UK car production has fallen 42.8% in the first six months of this year, with just 56,594 units made - the lowest number since post-war materials rationing was lifted in 1954.
The dramatic, coronavirus-led drop-off has led to urgent warnings from the Society of Motor Manufacturers and Traders (SMMT) that there could be dire consequences for the automotive industry’s estimated 820,000 workers, around 168,000 of which are directly employed in manufacturing.
To date, the SMMT estimates that more than 11,000 jobs have been lost in the automotive sector, following cut-backs at manufacturers including Aston Martin, Bentley, McLaren and Nissan and retailers including Jardine Motors Group and Lookers.
However, SMMT chief executive Mike Hawes warned that the worst cuts were likely to come from October onwards, when the Government’s job retention furlough scheme is set to end.
“Nobody has a crystal ball, but it looks like we find out the true scale of the issues in the fourth quarter,” he said. “These figures are yet more grim reading for the industry and its workforce, and reveal the difficulties all automotive businesses face as they try to restart while tackling sectoral challenges like no other.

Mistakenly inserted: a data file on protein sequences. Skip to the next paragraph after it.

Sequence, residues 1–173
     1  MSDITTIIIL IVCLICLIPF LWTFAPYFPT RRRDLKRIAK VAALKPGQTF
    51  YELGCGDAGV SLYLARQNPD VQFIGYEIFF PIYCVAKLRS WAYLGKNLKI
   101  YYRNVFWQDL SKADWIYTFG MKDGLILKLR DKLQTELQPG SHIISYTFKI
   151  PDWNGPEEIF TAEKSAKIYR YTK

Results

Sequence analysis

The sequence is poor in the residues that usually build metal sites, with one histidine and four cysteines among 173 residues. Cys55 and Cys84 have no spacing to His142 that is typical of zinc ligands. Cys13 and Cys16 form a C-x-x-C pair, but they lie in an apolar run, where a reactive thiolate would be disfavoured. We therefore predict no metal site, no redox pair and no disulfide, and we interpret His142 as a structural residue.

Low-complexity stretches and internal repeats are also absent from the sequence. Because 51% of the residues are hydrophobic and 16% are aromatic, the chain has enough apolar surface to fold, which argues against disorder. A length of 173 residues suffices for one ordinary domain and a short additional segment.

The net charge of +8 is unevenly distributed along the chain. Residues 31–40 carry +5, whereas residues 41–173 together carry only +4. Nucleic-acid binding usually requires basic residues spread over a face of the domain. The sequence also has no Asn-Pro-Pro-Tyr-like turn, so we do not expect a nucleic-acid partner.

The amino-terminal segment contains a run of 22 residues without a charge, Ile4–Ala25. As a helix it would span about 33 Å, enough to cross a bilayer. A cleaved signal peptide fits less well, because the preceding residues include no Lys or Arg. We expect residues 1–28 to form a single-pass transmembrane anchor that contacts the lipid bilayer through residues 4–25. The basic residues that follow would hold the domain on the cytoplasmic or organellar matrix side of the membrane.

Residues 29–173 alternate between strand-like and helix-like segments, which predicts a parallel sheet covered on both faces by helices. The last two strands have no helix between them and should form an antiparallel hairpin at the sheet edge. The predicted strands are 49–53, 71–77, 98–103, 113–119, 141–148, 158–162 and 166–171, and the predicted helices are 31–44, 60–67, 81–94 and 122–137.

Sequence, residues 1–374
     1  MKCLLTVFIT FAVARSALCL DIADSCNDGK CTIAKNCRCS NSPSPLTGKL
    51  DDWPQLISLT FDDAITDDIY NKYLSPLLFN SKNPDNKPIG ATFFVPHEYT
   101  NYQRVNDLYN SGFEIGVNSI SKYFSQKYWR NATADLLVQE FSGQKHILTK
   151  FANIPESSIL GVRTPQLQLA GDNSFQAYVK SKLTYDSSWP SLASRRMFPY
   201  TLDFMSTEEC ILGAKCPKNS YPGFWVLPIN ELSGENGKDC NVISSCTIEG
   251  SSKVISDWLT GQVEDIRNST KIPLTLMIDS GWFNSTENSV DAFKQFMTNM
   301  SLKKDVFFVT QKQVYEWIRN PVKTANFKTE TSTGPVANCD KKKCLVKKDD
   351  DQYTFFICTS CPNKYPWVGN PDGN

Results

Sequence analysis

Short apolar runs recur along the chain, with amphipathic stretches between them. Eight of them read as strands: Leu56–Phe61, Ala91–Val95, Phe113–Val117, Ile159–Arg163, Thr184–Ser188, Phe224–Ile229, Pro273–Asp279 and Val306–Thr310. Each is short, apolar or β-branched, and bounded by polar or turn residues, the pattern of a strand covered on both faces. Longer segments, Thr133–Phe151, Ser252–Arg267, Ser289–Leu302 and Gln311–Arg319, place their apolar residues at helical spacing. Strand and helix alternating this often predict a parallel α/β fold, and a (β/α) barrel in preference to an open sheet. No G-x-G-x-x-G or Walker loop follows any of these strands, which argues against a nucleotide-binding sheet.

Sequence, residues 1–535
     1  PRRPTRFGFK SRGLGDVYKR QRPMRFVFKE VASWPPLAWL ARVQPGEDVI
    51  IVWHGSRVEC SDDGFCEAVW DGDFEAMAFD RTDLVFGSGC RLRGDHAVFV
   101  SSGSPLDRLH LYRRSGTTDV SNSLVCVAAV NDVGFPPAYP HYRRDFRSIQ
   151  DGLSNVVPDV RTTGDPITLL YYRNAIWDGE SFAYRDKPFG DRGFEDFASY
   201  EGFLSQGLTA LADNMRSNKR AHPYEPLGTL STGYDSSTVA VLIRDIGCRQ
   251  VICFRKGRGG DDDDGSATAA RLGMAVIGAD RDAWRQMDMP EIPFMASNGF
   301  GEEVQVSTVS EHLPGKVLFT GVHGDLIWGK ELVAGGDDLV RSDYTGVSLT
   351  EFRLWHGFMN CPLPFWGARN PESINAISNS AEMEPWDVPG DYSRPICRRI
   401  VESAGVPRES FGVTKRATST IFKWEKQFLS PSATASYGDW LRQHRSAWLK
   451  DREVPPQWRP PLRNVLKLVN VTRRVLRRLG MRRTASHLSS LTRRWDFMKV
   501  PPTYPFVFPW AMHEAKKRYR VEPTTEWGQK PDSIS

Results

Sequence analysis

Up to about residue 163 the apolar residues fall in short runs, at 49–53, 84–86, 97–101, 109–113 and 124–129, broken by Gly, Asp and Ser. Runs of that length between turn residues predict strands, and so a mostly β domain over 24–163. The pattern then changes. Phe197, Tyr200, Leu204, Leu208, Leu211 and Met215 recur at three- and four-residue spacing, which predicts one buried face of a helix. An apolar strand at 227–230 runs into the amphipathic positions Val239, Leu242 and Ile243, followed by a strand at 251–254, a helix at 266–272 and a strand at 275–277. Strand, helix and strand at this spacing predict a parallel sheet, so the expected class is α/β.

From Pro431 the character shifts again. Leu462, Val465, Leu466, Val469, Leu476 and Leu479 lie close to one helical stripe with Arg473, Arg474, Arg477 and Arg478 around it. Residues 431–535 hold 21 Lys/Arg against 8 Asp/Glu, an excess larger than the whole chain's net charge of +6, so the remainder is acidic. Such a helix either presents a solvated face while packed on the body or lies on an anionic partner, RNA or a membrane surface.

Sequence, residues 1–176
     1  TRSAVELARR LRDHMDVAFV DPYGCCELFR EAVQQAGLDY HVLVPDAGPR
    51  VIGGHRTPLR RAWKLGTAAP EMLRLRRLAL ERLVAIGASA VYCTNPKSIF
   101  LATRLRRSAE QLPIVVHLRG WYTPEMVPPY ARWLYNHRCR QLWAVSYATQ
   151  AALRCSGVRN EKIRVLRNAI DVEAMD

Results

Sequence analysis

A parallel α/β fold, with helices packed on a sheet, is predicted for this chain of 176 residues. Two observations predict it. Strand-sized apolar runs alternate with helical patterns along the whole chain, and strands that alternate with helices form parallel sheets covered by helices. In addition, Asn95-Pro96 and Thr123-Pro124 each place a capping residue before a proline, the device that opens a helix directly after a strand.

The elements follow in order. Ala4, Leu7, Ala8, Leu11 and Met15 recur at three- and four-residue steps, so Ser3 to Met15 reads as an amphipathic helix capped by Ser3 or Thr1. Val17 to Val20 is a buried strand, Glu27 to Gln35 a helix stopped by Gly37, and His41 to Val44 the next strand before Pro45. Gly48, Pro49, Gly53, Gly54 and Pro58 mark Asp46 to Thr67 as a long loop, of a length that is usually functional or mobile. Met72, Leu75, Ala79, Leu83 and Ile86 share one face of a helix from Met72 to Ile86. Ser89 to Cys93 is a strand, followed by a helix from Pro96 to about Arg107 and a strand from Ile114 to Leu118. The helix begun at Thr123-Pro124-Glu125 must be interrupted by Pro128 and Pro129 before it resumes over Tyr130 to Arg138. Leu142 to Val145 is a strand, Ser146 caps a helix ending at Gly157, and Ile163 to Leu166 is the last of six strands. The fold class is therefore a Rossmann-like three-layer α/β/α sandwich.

“Recovery is difficult for all companies, but automotive is unique in facing immense technological shifts, business uncertainty and a fundamental change to trading conditions while dealing with coronavirus.”
Why are fewer cars being manufactured?
Around 285,000 fewer cars have been made this year than last in the UK, with a combined estimated value of £7.8bn. Commercial vehicle production for the same period is down 24.8% and engine production down 38.8%.
The decline is chiefly the consequence of four factors in the wake of coronavirus: a reduction in global demand to buy cars, the ongoing closure of factories, the reduced production capacity of reopened factories to meet social distancing guidelines, and a focus from manufacturers and retailers to sell stock prior to making more cars.
“The outlook for the full year is now 880,000 units, which puts us below a million for the first time since the heights of the recession in 2009, and back to a level that was last consistently seen back in the 1980s,” said Hawes.